The manor was the home of Abraham Darby and now, as Darby House, offers 9 exclusive bedrooms as well as a function room that, when its furniture has been removed, has been transformed into an unusual recreation and fun room for groups, with relaxing chaises longues and Nintendo Wii games.
The hotel’s Coalport Suite, which has vehicle access, can cater for 350 delegates, whilst three smaller function rooms have been created from what used to be the upper area of squash courts; the lower area is now an extensive new spa.
The property’s own golf course is a 6,741-yard par 72 and was the scene of Ian Woosnam’s first major tournament victory when he popped over to play from Wales.

Snooker, cheerleaders and midwives

A gem of a facility is the International Centre, Telford, one of the UK’s top 10 convention centres. It is a purpose-built conference and exhibition hall that has a track record of success in an astonishing range of events and exhibitions for up to 4,000 attendees.

It has 12,000 sqm of usable space in three exhibtion halls, a range of conference and banqueting suites, the largest being the Ironbridge Suite for 1,600 delegates. It is owned by Southwater Event Group that has the slogan: Meet – Eat – Sleep. On the same site close to the centre of Telford town it offers 251 bedrooms in its Holiday Inn and its International Hotel and an Italian restaurant. It also owns Grays Hotel in town and the event production company StagecraftUK.
Recent events held at the Centre range over Pro-Retail, the UK Snooker Championship, the UK competition for the Champion Cheerleaders, a Midwives Convention and a conference of Petroleum Suppliers, where huge petrol tankers were on display in the halls.
‘The décor of the facility is purposely very neutral,’ says Jo Parton, the Sales & Marketing Manager, ‘so that clients can customise it to suit their own event.’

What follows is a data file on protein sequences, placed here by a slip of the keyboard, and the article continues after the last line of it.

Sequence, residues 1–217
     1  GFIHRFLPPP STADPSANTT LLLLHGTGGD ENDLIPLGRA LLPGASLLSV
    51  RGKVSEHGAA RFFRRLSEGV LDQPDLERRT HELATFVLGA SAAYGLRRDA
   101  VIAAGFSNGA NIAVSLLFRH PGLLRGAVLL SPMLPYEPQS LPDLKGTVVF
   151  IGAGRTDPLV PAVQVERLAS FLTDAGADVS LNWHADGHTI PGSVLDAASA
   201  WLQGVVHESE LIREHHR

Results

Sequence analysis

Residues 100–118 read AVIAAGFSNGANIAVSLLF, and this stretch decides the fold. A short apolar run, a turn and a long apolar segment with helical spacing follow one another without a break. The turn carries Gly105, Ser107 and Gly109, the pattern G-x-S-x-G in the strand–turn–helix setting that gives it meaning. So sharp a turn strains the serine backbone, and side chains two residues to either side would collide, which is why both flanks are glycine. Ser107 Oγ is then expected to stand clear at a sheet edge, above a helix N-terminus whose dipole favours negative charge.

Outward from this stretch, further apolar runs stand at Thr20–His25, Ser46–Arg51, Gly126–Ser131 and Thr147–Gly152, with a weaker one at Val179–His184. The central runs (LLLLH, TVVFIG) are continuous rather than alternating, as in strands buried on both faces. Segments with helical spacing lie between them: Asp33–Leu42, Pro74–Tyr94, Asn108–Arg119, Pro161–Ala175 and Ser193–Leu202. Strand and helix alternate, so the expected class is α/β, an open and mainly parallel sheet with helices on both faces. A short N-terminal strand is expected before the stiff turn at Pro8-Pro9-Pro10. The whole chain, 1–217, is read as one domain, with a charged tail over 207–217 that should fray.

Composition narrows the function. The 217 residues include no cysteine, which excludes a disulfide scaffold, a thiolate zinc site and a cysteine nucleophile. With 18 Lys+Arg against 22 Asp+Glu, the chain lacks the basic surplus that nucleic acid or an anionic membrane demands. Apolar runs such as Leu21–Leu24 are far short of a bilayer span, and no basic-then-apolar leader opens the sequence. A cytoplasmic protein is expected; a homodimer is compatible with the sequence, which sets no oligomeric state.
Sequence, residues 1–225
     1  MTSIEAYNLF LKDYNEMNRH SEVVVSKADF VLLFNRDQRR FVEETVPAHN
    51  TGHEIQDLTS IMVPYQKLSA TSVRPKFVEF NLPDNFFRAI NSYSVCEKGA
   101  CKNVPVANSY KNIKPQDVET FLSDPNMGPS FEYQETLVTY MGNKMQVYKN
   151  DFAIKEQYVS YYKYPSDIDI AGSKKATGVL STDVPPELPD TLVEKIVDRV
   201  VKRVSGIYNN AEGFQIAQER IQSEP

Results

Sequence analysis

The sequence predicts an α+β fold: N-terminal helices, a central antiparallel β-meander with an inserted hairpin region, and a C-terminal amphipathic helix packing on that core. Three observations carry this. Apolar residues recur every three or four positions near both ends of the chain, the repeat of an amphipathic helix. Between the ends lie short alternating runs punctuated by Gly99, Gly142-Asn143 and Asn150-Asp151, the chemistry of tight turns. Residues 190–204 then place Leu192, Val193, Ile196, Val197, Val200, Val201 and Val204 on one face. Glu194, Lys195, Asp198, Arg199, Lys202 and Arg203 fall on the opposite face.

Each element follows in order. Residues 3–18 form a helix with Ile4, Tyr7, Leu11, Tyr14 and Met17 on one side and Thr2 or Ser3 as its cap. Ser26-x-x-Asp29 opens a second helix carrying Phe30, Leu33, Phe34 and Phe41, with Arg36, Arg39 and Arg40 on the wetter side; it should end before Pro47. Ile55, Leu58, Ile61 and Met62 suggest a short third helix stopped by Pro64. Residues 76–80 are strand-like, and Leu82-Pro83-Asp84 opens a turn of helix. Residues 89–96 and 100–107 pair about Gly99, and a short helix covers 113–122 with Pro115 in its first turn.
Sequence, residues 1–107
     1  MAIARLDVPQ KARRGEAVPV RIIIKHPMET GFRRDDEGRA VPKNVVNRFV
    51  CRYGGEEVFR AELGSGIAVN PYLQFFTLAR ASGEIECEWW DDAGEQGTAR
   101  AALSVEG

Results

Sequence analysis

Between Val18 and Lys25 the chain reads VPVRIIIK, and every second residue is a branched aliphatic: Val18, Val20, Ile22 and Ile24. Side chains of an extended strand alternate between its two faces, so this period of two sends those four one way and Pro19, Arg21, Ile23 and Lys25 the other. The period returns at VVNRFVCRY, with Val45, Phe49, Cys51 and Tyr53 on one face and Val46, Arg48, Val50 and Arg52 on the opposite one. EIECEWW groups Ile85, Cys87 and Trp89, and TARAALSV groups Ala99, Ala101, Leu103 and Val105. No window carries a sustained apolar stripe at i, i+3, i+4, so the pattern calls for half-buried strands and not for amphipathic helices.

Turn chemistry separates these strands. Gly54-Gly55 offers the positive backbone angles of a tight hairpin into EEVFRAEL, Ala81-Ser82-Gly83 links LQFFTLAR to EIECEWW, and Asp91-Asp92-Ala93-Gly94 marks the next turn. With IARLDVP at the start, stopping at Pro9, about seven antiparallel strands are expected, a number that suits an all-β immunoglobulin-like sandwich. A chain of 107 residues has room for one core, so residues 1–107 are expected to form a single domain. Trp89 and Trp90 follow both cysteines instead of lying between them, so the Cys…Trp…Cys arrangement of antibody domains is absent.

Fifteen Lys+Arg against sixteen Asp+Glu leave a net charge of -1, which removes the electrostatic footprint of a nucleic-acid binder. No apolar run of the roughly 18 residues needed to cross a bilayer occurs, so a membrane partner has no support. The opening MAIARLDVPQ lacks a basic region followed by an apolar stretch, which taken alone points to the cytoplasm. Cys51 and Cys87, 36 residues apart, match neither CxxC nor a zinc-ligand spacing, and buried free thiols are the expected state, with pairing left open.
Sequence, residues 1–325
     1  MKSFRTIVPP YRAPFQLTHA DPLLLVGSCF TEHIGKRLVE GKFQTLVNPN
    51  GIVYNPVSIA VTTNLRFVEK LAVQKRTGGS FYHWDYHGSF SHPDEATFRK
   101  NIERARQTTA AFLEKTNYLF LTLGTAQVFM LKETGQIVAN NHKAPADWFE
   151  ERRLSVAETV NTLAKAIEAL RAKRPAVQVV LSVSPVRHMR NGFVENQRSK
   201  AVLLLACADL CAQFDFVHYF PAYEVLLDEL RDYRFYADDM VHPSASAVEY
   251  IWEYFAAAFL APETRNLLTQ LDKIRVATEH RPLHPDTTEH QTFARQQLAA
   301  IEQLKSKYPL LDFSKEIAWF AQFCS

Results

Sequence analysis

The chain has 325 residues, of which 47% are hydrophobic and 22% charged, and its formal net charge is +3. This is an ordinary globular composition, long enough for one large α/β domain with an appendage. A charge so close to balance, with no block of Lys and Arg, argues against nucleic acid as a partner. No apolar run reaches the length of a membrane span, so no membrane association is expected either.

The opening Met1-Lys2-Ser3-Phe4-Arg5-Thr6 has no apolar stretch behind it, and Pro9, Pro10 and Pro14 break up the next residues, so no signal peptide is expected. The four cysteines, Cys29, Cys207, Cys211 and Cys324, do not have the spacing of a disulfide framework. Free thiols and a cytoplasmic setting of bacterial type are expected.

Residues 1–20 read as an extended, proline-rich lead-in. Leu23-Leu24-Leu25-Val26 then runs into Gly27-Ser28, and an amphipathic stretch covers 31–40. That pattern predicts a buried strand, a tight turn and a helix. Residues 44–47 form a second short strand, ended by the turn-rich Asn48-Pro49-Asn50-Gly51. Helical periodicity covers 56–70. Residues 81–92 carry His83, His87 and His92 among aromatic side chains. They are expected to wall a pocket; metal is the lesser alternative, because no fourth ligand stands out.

Meet among masterpieces

A totally different, extremely valuable asset in Shropshire just minutes drive out of town is the 1000-acre Weston Park. It was the home of the Earl of Bradford and I drove hundreds of yards through manicured gardens to reach the mansion.
Run by a charitable trust, it has a range of superb function rooms that can be hired for private gatherings. The walls display priceless masterpieces by artists such as Van Dyck and Holbein. Weston Park also has 28 bedrooms for use by client companies. 
In spite of its splendour, Weston Park is not a snooty venue. It has been the home of the V-festival for five years, attended by 85,000 festival goers and bands such as Oasis, Coldplay and Razorlight.
In June there are outdoor performances of A Midsummer Night’s Dream.
Old coaching inn
Dotted around the Shropshire countryside are old inns that have been lovingly preserved and serve excellent food. One rather unusual one is Old Orleton that was built as a coaching inn in 1767 on the Holyhead Road, for travellers en route to the ferries to Ireland. The arrival of the railway virtually made the inn obsolete as far as coaches were concerned and it is now a tiny 8-room hostelry alongside the Wrekin, the steep hill that suddenly appears on the scene as you drive there.